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We’re really excited for Steve, a queer comedy that opened in New York in 2015 and is about to make its European debut starring David Ames and Olivier Award-winner Jenna Russell.

It’s a play that celebrates all things musical theatre, and – unsurprisingly, given the show’s name – is full of timely references to, and affection for, Stephen Sondheim. The play shines a spotlight on LGBTQ+ relationships, both romantic and platonic, and considers the highs and lows of getting older.

It navigates long-term friendships, monogamy, saying goodbye and being alive. Ahead of the show’s opening night next week, we caught up with David Ames to find out a bit more about Steve and his role in the play.

Tell us a bit more about the show…

It’s kind of immersive – I don’t want to give too much away, but effectively it’s Joe Allen, the restaurant on Broadway in Manhattan. So when you walk in it’s like you’re going to be walking into a restaurant, and things just start happening from there. The opening scene of the play is basically a third of the entire play, we wanted to create as much of a vibe as possible.

It’s based in 2015, just as gay marriage had come into effect in the United States. A group of 40-something gays and their dear lesbian friends have a meal and they start discussing life and this new chapter within the LGBTQ+ world of things happening and changing – what does that mean to people? Being able to do that, to level up with a predominantly heterosexual society. That’s interesting because it raises the subject of functional relationships, the subject of monogamy, and it’s a really interesting conversation to have. It has been raised a few times through gay productions, but this play threw it out there and made the argument for both sides.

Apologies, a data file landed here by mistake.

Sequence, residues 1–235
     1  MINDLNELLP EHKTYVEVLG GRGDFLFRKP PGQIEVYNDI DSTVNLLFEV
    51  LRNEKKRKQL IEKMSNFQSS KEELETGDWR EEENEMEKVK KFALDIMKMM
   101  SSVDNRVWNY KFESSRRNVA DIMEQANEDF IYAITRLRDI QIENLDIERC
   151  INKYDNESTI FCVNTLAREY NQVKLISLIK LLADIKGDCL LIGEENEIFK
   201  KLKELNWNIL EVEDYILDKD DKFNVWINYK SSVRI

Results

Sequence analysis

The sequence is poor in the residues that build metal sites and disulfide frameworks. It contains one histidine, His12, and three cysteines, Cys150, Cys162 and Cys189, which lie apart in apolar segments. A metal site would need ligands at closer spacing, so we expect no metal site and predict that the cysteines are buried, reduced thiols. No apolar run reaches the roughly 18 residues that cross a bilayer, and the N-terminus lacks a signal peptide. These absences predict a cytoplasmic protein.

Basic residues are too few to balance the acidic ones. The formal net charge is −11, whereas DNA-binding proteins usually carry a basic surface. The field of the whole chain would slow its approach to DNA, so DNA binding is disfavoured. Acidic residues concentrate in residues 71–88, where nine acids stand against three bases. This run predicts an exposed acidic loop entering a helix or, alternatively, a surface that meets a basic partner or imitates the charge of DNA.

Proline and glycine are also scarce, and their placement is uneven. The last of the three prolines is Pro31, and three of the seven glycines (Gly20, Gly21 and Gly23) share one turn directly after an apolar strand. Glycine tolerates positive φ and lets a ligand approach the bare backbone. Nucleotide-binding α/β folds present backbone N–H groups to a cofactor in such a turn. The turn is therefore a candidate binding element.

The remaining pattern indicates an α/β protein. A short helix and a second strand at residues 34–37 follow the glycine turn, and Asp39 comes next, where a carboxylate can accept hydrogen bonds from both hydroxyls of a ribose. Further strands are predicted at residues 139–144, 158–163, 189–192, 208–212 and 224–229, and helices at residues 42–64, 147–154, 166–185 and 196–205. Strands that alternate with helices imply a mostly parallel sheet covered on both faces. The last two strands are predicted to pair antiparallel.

My character is in a relationship that’s malfunctioning and he is monogamous and friends of his are not. They start to highlight the fact that they have quite a wholesome relationship, as they have trust and honesty and openness, whereas this monogamous relationship doesn’t have those and has started to malfunction. What is the better relationship? This one where on the surface it all looks good but actually when you go deeper you don’t have this openness and honesty there – that’s important.

It deals with that, but it also deals with loss, losing a friend, reaching that age where your friends start to get ill. I certainly have had that recently, over the last few years, I’ve reached my late 30s and suddenly your friends are getting those illnesses that you only really thought your parents’ friends got and then suddenly you go, oh, that’s because when I was thinking that at that age… I’m now their age! So it all starts happening, and that’s really poignant.”

Steve pays homage to musical theatre, but it’s not a musical – tell us more about that…

It’s very heavily steeped in musical theatre. There are no musical numbers, no one sings, but with reference to the name of the play being Steve, there is a heavy bent on it being littered with Stephen Sondheim references which is very of the moment! Also it’s meta on so many levels, because we have the incredible Jenna Russell in our cast who is one the UK’s most prominent Stephen Sondheim musical theatre actresses. There are moments with lines which I never thought I would get to say to someone like Jenna! I tell her that she… she quotes Sondheim like a man! Things like that are so great.

What’s wonderful about it is that we are playing Broadway people who didn’t quite make it. But we are completely obsessed with Broadway, with musicals, the Sondheim fans and musical theatre fans will pick up reference after reference, even down to me ordering a vodka stinger which is a massive reference to Company, and you know throughout there are so many, we’re still discovering them. It’s a very timely production to stage now as a real tribute… the reason it’s called Steve is because I am Steven, and my partner is Stephen, and our son is also called Stevie, it’s a running joke.